Fans of the old “Patty Duke Show,” in which lookalike teenagers caused all kinds of mistaken-identity mischief, will recognize what’s happening with Paul George and the Lakers.
Apparently there are two of him.
There is the Paul George who says he wants to win. And there is also the Paul George who wants to be a Laker.
One deals in hope, the other in fiction.
But since they both scored 23.7 points a game last season, can the Lakers assemble a 1-2 doppelganger punch, sort like the Klitschko brothers?
There is one way for the real Paul George, Palmdale native, to make sense of this. He can go somewhere to win the 2018 NBA championship, and then he can sign with the Lakers as a free agent.
Over the weekend his agent told the Pacers that George wouldn’t be returning after next season. That was interpreted as a betrayal in the Hoosier State, but George’s defenders say he was merely being out-front, preparing his one and only NBA team for the awful truth so they can take action.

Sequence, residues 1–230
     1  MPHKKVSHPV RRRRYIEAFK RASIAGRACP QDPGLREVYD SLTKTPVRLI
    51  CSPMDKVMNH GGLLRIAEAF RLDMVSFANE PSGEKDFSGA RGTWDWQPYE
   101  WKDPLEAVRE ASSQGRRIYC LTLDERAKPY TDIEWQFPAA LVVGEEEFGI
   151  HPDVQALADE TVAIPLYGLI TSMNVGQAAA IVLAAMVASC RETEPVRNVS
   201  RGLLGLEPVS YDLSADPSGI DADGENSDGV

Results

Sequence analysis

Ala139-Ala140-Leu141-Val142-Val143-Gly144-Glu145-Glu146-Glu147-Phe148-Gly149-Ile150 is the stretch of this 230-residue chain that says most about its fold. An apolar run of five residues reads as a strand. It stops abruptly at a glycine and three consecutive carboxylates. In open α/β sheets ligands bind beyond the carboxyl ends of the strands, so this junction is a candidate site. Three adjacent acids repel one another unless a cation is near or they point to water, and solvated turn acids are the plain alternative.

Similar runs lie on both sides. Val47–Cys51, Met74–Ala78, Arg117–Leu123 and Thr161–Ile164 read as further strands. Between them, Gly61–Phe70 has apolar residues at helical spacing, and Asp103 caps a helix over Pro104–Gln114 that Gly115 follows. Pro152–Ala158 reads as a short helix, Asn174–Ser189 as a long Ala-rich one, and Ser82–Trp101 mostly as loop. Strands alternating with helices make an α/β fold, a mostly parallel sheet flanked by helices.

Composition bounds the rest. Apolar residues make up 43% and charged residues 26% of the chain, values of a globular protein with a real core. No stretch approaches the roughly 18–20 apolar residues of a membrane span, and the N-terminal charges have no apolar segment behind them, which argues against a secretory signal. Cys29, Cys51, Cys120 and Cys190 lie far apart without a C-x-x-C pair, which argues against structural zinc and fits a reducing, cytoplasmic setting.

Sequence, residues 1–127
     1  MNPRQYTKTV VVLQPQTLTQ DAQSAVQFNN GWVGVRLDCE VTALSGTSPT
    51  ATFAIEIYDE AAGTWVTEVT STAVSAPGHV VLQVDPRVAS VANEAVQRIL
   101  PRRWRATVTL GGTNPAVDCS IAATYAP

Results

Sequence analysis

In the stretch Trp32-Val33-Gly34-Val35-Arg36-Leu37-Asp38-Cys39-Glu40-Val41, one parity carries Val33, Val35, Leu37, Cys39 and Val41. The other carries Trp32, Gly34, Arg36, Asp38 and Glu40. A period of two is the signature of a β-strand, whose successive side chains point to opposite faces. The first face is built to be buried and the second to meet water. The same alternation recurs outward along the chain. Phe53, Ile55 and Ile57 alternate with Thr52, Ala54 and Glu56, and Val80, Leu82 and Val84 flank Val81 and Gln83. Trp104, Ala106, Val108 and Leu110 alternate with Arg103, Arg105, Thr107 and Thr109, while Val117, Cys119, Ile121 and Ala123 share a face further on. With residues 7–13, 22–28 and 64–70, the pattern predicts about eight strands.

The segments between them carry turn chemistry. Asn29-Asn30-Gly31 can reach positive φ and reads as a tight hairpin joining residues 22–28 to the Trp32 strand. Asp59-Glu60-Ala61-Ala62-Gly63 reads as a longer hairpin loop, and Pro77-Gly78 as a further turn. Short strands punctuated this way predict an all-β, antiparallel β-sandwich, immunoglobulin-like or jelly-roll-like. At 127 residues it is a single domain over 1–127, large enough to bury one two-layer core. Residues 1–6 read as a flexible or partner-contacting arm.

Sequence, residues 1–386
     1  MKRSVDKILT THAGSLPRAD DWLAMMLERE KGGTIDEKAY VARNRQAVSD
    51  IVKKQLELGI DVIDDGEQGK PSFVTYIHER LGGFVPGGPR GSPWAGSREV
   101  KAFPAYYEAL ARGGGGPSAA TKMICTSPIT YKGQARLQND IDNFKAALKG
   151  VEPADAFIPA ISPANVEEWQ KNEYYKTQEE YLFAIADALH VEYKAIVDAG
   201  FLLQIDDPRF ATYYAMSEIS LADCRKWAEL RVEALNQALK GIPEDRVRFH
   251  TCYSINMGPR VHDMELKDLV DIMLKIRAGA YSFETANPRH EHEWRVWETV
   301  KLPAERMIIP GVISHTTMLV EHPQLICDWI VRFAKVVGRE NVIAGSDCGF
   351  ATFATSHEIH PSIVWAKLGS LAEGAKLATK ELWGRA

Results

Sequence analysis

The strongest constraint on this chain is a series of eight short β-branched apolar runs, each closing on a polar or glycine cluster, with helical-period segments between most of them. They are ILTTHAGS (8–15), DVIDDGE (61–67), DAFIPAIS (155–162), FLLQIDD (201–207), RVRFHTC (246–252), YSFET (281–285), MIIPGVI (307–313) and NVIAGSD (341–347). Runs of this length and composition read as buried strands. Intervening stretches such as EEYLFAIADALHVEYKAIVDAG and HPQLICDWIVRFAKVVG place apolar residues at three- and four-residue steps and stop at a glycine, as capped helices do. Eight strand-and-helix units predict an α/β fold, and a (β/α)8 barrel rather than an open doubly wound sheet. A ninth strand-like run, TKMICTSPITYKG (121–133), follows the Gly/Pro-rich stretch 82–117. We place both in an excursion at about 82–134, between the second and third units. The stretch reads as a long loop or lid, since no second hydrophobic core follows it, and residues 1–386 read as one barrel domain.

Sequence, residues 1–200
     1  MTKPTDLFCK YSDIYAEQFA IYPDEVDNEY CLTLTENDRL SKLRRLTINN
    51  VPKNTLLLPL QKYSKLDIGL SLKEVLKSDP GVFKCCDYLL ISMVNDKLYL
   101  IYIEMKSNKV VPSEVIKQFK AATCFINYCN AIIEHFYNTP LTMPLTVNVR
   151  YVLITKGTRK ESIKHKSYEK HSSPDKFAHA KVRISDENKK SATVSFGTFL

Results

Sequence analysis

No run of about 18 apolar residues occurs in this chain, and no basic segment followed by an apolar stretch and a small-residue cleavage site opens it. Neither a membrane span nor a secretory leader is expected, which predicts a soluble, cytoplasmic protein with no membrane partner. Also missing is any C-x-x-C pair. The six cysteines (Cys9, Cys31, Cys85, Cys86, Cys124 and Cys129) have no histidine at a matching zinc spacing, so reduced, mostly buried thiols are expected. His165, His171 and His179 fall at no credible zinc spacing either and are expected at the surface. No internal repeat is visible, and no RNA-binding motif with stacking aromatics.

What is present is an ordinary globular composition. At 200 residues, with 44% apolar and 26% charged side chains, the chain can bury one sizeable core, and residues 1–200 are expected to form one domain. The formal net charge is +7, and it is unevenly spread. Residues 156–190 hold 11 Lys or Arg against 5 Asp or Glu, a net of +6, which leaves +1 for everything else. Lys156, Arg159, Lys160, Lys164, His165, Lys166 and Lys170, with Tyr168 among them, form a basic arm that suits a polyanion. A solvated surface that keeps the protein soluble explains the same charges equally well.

Except now the Pacers have all the leverage of an ant picking up a sledgehammer.
They can hang onto George and listen to him get booed all year, and then get nothing for him next summer.
They can try to trade him to the Lakers, who of course might offer an old Smush Parker jersey and one of Norm Pattiz’s authentic rolled-up programs. Why should the Lakers pay extra today for a guaranteed cheeseburger tomorrow?
Or they can trade him to one of the two or three legitimate contenders, who would also be leasing George and would try to get away with offering zero-down. But Cleveland or Boston might spend the season buttering up George and convincing him he should play for titles half the year and spend the other half in L.A.
There are problems with that, too.
Boston has more first-round picks than Matt Barnes has tattoos. It also can customize a package to get Chicago’s Jimmy Butler, whose contract lasts one year longer than George’s and might fit better with the Celtics’…